Top Ten Hidden Gems of Italy - Page 2
|The Plaza del Campo in Siena comes alive at night. (Cosmo Condina/Digital Vision/Getty)|
Shakespeare's Romeo and Juliet was set in this city, a short 1.5-hour train ride from Venice in the Veneto, where a 14th-century palace, complete with romantic balcony and statue of Juliet, is designated as the house of the Capulets. But the Arena di Verona, a splendidly preserved Roman amphitheater and the world's third-largest seating over 20,000, steals the show with moderately priced operatic performances each summer. Sitting on the pink marble steps of the 2,000-year-old open-air theater beneath the moon and stars, surrounded by the fading light of the Veneto hills, and watching Aida with a cast of hundreds is an experience you won't soon forget.
This walled Tuscan town sits atop three hills and is still encircled by eight original city gates. It has a truly authentic medieval character, with a gigantic scallop-shaped square, the Piazza del Campo, topped by a 300-foot bell tower, and the Torre del Mangia, which offers views of the Chianti countryside. Siena is also home to the famous Palio horse race twice each summer. Riders from ten districts in Siena compete in whizzing around the Campo bareback in a thrilling spectacle, as they have since the 17th century. In a fabulous parade before the Palio, each district—clad in ornate historical costume and knightly armor—displays its own banners, colors, and symbols and demonstrates synchronized flag-throwing. The enchanting and easily walkable UNESCO-designated historic center of Siena, an hour from Florence by express bus, overflows with Gothic and Renaissance palaces, one housing the Pinacoteca Nazionale, featuring paintings from the Sienese school, and a 13th-century cathedral with an unusual green, red, and white striped marble facade and a zebra-striped black and white interior.
Five precariously positioned clifftop towns in the Liguria region (also called the Italian Riviera) offer staggering Mediterranean views, pastel late medieval-era houses, and steep terraced vineyards and vegetable gardens. Linked by the coast-hugging five-mile Blue Trail—a former mule path—and by train, but no roads, the "five lands" of Cinque Terre are Riomaggiore, Manarola, Vernazza, Corniglia, and Monterosso, the biggest, with almost 1,600 inhabitants. Reward yourself with regional specialties such as pasta pesto or focaccia bread, and enjoy some gelato afterward. Nearby are tiny Portofino and its pastel villas and picturesque yacht-filled harbor, and Santa Margherita, where even the train station offers magnificent views of the turquoise bay and town below, linked by public bus, coastal path, and a hairpin-curved road.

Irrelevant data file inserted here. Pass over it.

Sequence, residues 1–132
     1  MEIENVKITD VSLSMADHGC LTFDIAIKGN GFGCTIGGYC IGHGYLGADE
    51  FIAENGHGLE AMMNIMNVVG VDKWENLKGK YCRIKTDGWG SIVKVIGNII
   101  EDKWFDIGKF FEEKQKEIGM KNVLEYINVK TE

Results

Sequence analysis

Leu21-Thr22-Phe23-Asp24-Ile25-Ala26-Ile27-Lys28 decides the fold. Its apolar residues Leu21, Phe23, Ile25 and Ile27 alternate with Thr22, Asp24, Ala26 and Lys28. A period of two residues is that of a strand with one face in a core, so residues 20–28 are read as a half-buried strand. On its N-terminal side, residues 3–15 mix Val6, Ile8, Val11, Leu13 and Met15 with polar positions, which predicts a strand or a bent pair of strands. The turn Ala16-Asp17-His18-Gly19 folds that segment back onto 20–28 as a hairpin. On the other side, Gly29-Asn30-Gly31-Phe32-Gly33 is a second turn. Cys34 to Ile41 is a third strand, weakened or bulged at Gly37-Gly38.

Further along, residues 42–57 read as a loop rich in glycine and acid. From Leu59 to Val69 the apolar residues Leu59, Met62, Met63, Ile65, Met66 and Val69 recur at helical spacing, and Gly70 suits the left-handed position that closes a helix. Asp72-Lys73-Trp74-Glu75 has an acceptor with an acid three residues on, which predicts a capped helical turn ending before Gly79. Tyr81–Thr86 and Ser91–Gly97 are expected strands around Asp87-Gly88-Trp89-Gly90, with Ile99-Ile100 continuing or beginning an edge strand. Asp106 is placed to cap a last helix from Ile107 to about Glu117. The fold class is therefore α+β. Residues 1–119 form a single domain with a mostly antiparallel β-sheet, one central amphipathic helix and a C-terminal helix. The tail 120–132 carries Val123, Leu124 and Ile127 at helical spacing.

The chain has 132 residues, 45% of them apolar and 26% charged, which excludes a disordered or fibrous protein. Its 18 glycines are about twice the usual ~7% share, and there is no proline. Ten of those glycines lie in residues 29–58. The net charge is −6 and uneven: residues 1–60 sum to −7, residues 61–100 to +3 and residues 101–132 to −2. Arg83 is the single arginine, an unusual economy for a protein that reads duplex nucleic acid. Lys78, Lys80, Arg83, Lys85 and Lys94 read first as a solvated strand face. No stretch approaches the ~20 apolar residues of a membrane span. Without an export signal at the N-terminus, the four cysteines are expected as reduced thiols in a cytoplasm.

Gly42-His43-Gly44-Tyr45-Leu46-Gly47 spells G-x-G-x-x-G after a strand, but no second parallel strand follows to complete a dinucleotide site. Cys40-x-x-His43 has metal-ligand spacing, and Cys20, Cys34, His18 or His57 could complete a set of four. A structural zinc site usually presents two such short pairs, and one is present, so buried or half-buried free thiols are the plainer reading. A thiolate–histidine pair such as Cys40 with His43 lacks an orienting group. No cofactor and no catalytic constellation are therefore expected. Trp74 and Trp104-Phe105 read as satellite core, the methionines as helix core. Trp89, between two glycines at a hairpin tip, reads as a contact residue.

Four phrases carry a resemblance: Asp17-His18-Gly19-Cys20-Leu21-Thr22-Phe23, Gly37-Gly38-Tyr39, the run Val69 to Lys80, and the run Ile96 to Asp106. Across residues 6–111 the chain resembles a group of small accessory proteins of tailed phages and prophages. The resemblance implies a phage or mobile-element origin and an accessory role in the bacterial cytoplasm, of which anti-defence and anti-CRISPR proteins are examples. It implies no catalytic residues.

Bologna may be best known as Italy's "food capital," as it's the home of greats such as meat-stuffed tortellini and veal Bolognese. But the capital of Emilia-Romagna is a handsome city with a historic center featuring miles of arcaded streets, reddish-brick palaces, almost two dozen medieval towers, and Europe's oldest university (where alumni include Dante and Copernicus). Combine all this together, and it's easy to see where Bologna gets its nicknames: "The Fat," "The Red," and "The Learned." Foodies will not want to miss the Quadrilatero, a section of the city that offers many delis, market stalls, restaurants, and bars.
1. Aeolian Islands
These islands off the northeast coast of Sicily, can be reached by hydrofoil or ferry from Messina or Milazzo, and they make a fascinating off-the-beaten-track excursion. On Lipari, the largest of the islands with a population of 11,000, stroll through town to the dramatic clifftop castle and visit the excellent archeological museum. Stromboli is home to a perpetually active volcano, so you have a good shot at seeing molten lava flow through this volcanic landscape. Snorkeling and scuba diving in the crystal-clear cobalt-blue sea is another winning way to spend the day in the islands. Or stay on the land and hike around to find dramatic views and explore tiny fishing villages.
Best Hotels in Bologna